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As mass shootings continue to happen, elected officials appear reticent to take effective action.

I’d like to say I’m sad. But I’m not. I’d like to say I’m numb to the effects of the senseless loss of life from gun violence. But I’m not.

I am angry, and profoundly disturbed by the ongoing failure of legislatures across the country to take any meaningful action to curb this violence. The legislatures may not know this, so I’ll give them a hint: death by gun violence is not a partisan issue. Death does not recognize political affiliation. Failure to address this issue is abject poltroonery.

The generally accepted definition of a mass shooting is any shooting in which four or more people are injured or killed, excluding the shooter. According to the Gun Violence Archive, 2022 has delivered more than 240 mass shootings, at the time of this writing. Those shootings have resulted in 278 deaths and 1,084 injured. There have been 33 mass shootings since the carnage at Robb Elementary School in Uvalde, Texas. The archive reports 700 mass shootings in 2021, and 611 in 2020.

I must ask, why are legislatures so consistently intransigent in their unwillingness to take meaningful action? It’s tempting to suspect that legislators simply don’t feel it’s a big deal. After all, they have the benefit of security that’s better than that of the average citizen. But Steve Scalise and other members of Congress would seem to know otherwise. Scalise, in particular, should understand the painful reality of gun violence. Instead of using the 2017 shooting at a congressional baseball practice as a springboard to a safer America, the incident was immediately recast as a left-wing activist seeking suicide by police. It seems that if you can attribute a personal assassination attempt to a left-wing whacko, you can avoid taking any action to stop recurrences – or protect the remainder of the citizens of the U.S. After all, as they say, you can’t stop crazy.

Unfortunately, the issue of gun violence – mass shootings in particular – has devolved into an issue of mental illness. Red-flag laws are specifically designed to separate, involuntarily, if necessary, those who might perpetrate violence from their weapons. Currently, less than one-third of states have such a law. One state, Oklahoma, actually has an “anti-red-flag” law that prohibits any political subdivision of the state from enacting a red-flag law. It seems that legislatures are only interested in preventing access to weapons by high-risk individuals if it doesn’t interfere with their access to weapons.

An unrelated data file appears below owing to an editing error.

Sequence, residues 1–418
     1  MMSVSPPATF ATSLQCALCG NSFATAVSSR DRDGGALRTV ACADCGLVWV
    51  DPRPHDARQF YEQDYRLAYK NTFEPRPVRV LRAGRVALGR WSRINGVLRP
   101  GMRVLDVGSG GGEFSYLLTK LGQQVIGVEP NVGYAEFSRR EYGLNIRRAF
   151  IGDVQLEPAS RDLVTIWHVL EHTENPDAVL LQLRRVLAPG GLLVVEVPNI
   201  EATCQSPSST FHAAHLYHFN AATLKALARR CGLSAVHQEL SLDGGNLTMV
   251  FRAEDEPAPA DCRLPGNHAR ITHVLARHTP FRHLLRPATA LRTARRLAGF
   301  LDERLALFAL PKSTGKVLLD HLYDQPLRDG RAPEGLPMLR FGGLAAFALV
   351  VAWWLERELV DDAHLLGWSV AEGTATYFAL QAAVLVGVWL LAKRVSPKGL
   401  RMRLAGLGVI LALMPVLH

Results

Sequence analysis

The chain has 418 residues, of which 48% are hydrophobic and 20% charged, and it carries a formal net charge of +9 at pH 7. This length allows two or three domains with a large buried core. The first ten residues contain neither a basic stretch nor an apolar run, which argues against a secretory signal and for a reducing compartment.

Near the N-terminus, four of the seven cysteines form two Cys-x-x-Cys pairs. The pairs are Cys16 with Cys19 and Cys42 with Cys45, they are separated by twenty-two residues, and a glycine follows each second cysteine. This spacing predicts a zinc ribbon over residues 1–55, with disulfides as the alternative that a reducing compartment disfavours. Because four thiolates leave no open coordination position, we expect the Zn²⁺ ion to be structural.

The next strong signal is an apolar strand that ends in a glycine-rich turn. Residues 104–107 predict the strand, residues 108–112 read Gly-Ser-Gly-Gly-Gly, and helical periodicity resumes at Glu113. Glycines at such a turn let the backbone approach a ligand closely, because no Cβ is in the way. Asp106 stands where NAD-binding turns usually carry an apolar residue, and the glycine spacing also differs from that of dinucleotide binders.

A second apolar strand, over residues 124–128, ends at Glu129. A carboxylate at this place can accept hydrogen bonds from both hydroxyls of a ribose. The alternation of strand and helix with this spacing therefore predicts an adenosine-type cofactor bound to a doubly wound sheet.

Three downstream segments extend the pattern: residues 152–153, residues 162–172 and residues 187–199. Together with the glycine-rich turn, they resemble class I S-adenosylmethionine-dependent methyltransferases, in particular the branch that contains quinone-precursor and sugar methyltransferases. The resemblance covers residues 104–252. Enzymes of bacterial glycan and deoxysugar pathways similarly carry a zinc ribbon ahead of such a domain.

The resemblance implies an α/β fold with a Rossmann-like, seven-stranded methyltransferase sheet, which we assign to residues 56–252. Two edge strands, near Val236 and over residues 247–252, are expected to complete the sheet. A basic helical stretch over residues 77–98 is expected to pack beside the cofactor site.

I have considered that there’s simply not enough death from gun violence. That’s probably not the case either. Two Boeing 737 MAX commercial airliners crashed in 2018 and 2019. A total of 346 people were killed in the two crashes combined. Yet those 346 deaths were enough to ground all 737 MAX aircraft and prohibit them from flying in U.S. airspace. In contrast, as noted, the 240 mass shootings in the U.S. have caused 278 deaths and 1,084 injuries – over five times the 737 MAX casualties. Yet, no one in any legislature has proposed a moratorium on munition sales.

The recent Tulsa, Oklahoma (yes, the same state with an “anti-red-flag” law) shooting shows that vengeful people will acquire weapons, and, on short time frames, use them against innocent bystanders. Would a red-flag law have prevented the Tulsa killings? We will never know. Boeing has admitted criminal conduct. No munitions manufacturer has ever admitted any degree of culpability for mass shootings. Bottom line is that it’s not the number of victims that’s preventing legislative action.

Healthcare providers are more cautious now. They understand that random acts of violence may intrude upon their previously sacrosanct domains of healing. They now have the same fears as parents of school-aged children. Maybe they are also budgeting for bulletproof backpacks and briefcases.

I used to feel safe in the hospital. But now I look at everyone and consider violent potential. My instincts, honed from my time as an armed agent of a state agency, kick in. I assess everyone I pass. I’m always aware of exits. I’m constantly prepared to react and address threats to the safety of my patients, colleagues, and myself.

In the end, I have no idea why legislators can’t make this better. They note that legislation won’t cure the problem. But by that measure, we wouldn’t have speed limits, drunk-driving laws, or stop signs. The goal shouldn’t be complete safety, but lowering the risk of harm. All I can think of is that they just want to disagree for purely partisan purposes.

I’m reminded of a quote by the late Golda Meir: “peace will come when the Arabs will love their children more than they hate us.” Hopefully, someday soon, legislators will care more about serving constituents than they care about re-election.

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John K. Hall, MD, JD, MBA, FCLM, FRCPC

John K. Hall, MD, JD, MBA, FCLM, FRCPC is a licensed physician in several jurisdictions and is admitted to the California bar. He is also the founder of The Aegis Firm, a healthcare consulting firm providing consultative and litigation support on a wide variety of criminal and civil matters related to healthcare. He lectures frequently on black-letter health law, mediation, medical staff relations, and medical ethics, as well as patient and physician rights. Dr. Hall hopes to help explain complex problems at the intersection of medicine and law and prepare providers to manage those problems.

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